If you’re in space, these sorts of Earthly obstacles which can serve to stop a moving object aren’t around. There are many fewer things which could serve to stop an object’s motion - without a thick atmosphere to move through, the planets and our spacecraft continue at their current speeds without any impediments. The most common method of slowing down (or speeding up) an object in space is by traveling near another large object (ones that are of a similar mass to yourself are the most effective) and letting the force of gravity alter your path.

These requirements for an external force hold both for motion as we normally think about it (a forward or sideways motion) and for spin. So if we think about spinning a bicycle tire, that wheel will continue to spin until the forces of friction in the axle (primarily) will slow it down, or until you clamp down on the brakes. An object which is spinning in space has no friction-containing axle around which to spin, and so if it’s isolated, without any external objects which can act as a braking force, that object should continue to spin as it is, ad infinitum. This is basically the situation that stars find themselves in. Stars do not reverse their spins as a standard part of their lifetimes.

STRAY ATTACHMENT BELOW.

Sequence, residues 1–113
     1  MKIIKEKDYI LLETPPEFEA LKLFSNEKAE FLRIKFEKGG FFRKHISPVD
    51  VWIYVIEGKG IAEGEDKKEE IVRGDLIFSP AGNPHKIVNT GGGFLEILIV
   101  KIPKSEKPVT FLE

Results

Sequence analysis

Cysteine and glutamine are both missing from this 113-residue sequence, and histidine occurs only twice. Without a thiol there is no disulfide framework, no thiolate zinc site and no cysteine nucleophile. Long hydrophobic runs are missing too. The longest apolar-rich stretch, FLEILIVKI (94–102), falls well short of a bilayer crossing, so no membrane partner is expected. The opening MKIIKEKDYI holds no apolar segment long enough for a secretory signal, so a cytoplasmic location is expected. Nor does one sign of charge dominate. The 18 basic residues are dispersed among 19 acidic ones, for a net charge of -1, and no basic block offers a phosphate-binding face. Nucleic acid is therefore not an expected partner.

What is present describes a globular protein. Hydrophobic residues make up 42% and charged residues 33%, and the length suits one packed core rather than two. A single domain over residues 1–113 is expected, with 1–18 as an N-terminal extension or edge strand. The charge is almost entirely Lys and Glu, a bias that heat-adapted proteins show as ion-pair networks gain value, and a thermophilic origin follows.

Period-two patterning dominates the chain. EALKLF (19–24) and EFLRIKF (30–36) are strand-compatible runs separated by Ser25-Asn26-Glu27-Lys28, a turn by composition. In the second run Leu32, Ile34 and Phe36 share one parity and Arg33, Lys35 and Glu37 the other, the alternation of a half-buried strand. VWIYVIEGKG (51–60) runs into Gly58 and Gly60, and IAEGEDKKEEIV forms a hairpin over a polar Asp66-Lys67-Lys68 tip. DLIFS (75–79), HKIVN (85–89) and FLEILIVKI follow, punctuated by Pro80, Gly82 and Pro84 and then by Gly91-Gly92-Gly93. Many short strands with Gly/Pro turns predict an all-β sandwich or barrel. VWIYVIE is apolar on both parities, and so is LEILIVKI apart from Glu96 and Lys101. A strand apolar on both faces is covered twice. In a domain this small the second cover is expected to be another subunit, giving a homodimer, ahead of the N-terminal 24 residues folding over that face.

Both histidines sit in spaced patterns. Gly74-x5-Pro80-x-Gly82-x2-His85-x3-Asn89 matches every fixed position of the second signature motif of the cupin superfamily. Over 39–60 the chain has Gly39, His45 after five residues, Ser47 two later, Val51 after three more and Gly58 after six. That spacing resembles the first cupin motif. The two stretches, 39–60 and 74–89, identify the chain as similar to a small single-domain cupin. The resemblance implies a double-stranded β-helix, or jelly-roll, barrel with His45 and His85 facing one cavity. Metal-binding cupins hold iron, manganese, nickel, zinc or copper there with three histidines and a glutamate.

Planet formation begins with a brilliant young star at the center of what’s called a protoplanetary disk. Collisions within the disk form rocks that act as planetary building blocks. They settle into orbit around the star, creating gaps in the disk. Image credit: NASA's Goddard Space Flight Center Video and images courtesy of NASA/JPL-Caltech

Planet formation begins with a brilliant young star at the center of what’s called a protoplanetary disk. Collisions within the disk form rocks that act as planetary building blocks. They settle into orbit around the star, creating gaps in the disk. Image credit: NASA's Goddard Space Flight Center Video and images courtesy of NASA/JPL-Caltech

A reversal in the rotation of a star is extremely difficult to accomplish without something external to the star punching it backwards in the other direction, to slow down each rotating particle that makes up the star. If you could, using magic, reverse the rotation of our own star, without changing anything else, the planets surrounding our Sun wouldn’t be influenced at all - the orbits of the planets are determined by the gravitational pull of the Sun, which hasn’t changed if we haven’t changed its mass, plus the planets’ own velocities.

What sort of objects could act as a brake in space? The is easiest is always a good old large-scale collision. This is how we think the Earth formed the Moon, how Uranus got tipped onto its side, and Venus got tipped completely upside down. So if we wanted to reverse the spin of the Sun, we’d have to hit it with something pretty catastrophic in order to both stop the rotation of the gas & plasma which currently makes up the Sun, and reverse the direction of the spin. Any impact on that scale would definitely impact the planets. If it was another star that hit our own, we’d have gravitational and temperature-related chaos even before the impact, setting aside whatever cataclysm of energy would be unleashed during the collision.